Los Angeles, CA (PRWEB) September 21, 2010
Following extensive briefings, the federal district court in Los Angeles has rejected bids by major credit bureau Experian and debt collector CMI to throw out a “mixed file” case involving a retired pastor who relies upon his good credit to help with his necessary living expenses, and those of his wife.
In 2005, Harry Cartwright Sr.’s identity began getting mixed with his son’s, who is also named Harry Cartwright. However, Cartwright Sr. and Cartwright Jr. have different social security numbers and, obviously, different birth dates, as well as other differences in identifying information. Cartwright Sr. and Cartwright Jr. worked together to clean up Harry Sr’s credit report because, as a senior citizen on a fixed income, he relies upon his good credit for necessities and to keep his living expenses down.
However, Cartwright Sr. alleges that, in spite of numerous efforts including letters from attorneys, Experian and CMI continued to report Harry Jr.’s bad credit onto Harry Sr’s credit report. Harry Sr.’s credit report with Experian was not cleaned up until after the lawsuit was filed.
Experian and CMI each filed what are called “summary judgment” motions, wherein the court can throw a case out if the evidence is not sufficient to permit the case to proceed. However, in this case, plaintiffs presented abundant evidence to support Cartwright’s case, and the federal district court agreed that the case should proceed towards trial.
“We have seen a lot of mixed identity situations in my office. Credit files with the large credit bureaus can get mixed because of similar names, similar addresses or similar social security numbers, whether or not the two people being mixed up are related. Often, unfortunately, we see someone with stellar credit having his or her file mixed with someone who has poor credit, thereby ruining the credit of the person who has done what he or she had to do to create good credit. This is not something that is new to the credit bureaus. Experian’s own website has a page on mixed identities and how to un-mix them. Here, during discovery, we learned that Experian had not even followed its own procedures for unmixing a mixed identity, “ comments Brennan.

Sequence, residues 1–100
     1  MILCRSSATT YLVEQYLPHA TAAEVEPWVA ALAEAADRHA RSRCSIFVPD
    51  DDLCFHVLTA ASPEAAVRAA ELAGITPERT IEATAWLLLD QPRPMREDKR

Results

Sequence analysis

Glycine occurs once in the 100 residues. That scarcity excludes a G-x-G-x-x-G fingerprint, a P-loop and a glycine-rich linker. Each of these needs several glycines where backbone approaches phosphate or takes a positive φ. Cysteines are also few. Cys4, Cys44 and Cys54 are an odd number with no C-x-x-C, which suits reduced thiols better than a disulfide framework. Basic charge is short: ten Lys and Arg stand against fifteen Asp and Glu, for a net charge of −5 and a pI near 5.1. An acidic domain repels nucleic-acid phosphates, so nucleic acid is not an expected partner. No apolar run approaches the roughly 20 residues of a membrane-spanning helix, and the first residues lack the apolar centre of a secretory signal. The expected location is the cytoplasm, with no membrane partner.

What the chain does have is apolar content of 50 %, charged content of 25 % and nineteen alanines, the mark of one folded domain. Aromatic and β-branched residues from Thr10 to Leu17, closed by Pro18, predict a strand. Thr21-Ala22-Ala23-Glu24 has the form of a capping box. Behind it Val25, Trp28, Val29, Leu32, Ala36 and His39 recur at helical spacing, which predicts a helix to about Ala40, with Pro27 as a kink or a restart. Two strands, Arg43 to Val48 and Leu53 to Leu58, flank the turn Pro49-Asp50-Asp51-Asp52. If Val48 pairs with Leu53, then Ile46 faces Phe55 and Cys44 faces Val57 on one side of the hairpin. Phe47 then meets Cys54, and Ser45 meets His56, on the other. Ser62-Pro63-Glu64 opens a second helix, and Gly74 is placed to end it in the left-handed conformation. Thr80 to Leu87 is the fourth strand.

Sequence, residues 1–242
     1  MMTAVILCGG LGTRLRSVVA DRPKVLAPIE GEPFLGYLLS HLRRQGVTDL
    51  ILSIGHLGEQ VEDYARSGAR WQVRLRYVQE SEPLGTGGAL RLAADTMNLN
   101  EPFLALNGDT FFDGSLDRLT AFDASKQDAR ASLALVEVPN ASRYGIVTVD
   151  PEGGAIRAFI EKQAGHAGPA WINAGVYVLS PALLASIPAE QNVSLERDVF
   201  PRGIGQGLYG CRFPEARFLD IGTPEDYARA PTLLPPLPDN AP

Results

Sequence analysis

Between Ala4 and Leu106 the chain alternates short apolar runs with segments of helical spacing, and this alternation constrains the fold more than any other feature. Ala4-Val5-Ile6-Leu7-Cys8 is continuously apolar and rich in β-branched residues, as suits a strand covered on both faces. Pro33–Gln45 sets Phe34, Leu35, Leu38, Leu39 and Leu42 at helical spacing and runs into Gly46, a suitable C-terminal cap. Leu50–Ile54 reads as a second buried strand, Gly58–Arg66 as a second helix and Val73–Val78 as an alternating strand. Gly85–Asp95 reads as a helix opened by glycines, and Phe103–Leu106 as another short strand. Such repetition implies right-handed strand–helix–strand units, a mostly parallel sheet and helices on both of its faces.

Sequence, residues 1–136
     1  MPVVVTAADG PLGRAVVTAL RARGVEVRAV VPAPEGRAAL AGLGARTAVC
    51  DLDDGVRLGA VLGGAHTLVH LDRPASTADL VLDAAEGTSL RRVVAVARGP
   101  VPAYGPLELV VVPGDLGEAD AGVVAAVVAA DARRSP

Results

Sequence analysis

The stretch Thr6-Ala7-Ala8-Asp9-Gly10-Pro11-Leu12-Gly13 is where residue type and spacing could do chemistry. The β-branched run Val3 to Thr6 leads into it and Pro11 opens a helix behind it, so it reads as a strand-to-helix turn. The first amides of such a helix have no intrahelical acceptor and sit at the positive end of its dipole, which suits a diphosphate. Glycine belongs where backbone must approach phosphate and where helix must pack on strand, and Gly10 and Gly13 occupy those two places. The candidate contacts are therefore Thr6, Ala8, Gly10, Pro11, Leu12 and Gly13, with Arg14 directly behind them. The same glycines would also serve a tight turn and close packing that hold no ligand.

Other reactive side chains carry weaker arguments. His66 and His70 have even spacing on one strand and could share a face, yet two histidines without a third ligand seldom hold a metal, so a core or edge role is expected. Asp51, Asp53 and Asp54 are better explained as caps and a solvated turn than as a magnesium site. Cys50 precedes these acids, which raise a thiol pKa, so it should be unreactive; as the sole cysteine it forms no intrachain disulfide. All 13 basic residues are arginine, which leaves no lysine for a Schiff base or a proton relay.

"This is yet another example of how the big players in the credit reporting industry really ignore and neglect the consumers they're supposed to protect," says Brennan. "Harry Cartwright Sr. tried for two years to clean up his credit by himself, only to have the door slammed in his face repeatedly. Only when he hired an attorney and filed a lawsuit did things start to improve. But by then a lot of damage had been done."
Mr. Brennan also criticized Experian and CMI for acting as if the credit information belonged to them and not to Harry Cartwright Sr. "So often in these cases, you see an attitude that big credit bureaus and debt collectors believe that a consumer's credit information belongs to them It does not. If nothing else, I hope Experian and CMI learn from this ruling that a consumer's credit information belongs to the consumer, and a credit bureau and a debt collector each a sacred trust to protect it from wrongful damage."
Contact Information: Robert F. Brennan, Brennan, Wiener & Associates, 3150 Montrose Ave., La Crescenta, Ca. 91214, (818) 249-5291. Mr. Brennan and his firm are the leading consumer protection and credit damage attorneys in Southern California. Mr. Brennan has been selected as a "Southern California Super Lawyer" for five years running, from 2006 through 2010. His website is http://www.socalcreditdamage.com.
United States District Court, Central District of California, Cartwright v. Experian, et al., Case No. CV 09-427-GHK